• Online footprints: Apps, social media outlets and other online spaces may try to convince students that their information is “safe” or private. A great example is students believing that videos that disappear on Snapchat can never be retrieved. However, there is no such thing as “disappear” when it comes to computers. Screenshots, hackers and forensics experts can all be used to retrieve and share these private videos. If students only take away one thing about sharing information online, it should be that no photo, video, text, blog, forum entry, review or any other type of content can ever be permanently deleted or hidden—once it’s out there, there’s no way to fully or confidently take it back.

2. The Art of Being Dubious

One of the most important online safety skills students can learn is the art of being dubious. From phishing scams to nefarious relationships, misinformation to malicious attacks, the greatest online safety tool a student can learn is to be dubious. They should be taught to question information, requests, downloads and commands—taking extra time to validate these things can be the difference between putting themselves or others at risk and avoiding an attack.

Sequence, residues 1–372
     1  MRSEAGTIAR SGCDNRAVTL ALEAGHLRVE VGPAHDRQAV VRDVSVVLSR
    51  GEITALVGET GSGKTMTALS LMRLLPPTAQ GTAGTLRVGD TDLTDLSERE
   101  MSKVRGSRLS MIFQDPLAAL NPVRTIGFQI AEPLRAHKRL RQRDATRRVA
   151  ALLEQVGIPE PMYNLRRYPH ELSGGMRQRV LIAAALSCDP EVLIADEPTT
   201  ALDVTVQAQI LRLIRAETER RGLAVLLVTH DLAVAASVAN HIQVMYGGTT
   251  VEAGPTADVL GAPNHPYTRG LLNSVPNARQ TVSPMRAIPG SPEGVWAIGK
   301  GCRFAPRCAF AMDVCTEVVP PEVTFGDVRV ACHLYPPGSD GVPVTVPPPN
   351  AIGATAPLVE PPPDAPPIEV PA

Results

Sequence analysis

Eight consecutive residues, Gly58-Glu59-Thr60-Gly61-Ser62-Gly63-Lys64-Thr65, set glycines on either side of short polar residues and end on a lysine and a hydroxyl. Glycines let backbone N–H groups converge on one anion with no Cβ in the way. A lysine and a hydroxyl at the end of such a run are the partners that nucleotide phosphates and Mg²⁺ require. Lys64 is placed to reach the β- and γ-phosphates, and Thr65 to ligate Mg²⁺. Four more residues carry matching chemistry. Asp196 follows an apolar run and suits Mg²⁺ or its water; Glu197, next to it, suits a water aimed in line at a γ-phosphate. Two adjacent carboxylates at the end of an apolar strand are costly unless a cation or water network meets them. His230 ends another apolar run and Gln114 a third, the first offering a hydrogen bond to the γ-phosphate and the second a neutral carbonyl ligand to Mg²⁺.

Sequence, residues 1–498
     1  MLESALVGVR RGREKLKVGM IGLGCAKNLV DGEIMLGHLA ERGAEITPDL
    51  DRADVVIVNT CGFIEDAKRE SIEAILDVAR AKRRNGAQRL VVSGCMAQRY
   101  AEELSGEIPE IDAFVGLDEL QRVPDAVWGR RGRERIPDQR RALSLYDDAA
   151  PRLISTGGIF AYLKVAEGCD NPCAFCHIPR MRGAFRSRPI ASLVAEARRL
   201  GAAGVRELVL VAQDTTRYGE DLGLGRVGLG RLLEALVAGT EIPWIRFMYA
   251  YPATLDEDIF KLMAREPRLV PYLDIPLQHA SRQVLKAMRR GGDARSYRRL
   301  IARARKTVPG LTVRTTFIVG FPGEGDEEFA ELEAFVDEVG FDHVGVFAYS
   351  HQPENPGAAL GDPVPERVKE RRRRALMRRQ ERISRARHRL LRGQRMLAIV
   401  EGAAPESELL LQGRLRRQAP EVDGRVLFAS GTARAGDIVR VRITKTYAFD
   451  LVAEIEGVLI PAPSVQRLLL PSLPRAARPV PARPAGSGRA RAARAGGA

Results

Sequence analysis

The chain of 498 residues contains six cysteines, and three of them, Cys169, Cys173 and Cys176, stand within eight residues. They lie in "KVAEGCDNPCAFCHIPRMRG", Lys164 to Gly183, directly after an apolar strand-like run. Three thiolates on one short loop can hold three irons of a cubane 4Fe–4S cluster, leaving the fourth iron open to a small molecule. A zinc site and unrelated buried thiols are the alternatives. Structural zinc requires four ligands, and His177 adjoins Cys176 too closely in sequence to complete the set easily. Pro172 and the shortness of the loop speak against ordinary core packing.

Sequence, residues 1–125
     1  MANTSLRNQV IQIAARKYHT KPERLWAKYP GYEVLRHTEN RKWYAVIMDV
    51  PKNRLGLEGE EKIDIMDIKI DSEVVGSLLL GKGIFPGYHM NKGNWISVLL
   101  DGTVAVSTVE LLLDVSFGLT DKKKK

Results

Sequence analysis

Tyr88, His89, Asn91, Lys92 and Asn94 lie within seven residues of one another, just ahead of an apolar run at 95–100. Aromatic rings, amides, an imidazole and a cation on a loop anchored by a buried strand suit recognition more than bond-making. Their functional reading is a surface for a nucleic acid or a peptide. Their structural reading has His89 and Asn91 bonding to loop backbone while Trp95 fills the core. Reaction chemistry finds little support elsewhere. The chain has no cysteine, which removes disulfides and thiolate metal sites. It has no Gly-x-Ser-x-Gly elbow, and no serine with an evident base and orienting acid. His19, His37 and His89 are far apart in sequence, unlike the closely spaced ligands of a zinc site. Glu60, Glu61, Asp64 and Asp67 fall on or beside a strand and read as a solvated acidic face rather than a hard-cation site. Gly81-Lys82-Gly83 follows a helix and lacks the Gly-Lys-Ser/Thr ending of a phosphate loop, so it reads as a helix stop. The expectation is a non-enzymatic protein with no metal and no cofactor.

Many scams play off feelings to create a sense of urgency that pushes an individual to provide sensitive information quickly—before the target can begin to second-guess the situation. Some good defenses against these types of attacks include:

  • Discussing different types of scams. Even though the most prevalent scams change with time, understanding different methods of attack and real-world examples can help students identify suspicious situations in the future.
  • Learning to stop and pause. If a student is feeling the need to urgently provide sensitive information, it’s typically a signal that they should slow down and investigate.
  • Creating an open dialogue. Students should feel safe and secure asking an adult for help, whether that’s a parent, teacher or other trusted individual. Discuss the prominence of these threats and address how fear or shame may be used to pressure students into making unsafe decisions.